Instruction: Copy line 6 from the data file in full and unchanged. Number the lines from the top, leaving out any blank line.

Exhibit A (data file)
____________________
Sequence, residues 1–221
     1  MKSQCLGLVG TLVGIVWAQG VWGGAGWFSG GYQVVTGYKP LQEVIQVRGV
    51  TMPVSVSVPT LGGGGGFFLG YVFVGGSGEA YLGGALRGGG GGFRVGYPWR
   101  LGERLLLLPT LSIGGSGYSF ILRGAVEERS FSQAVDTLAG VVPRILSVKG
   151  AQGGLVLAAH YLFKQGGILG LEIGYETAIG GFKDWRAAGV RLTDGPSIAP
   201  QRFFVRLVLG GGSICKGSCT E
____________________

   201  QRFFVRLVLG GGSICKGSCT E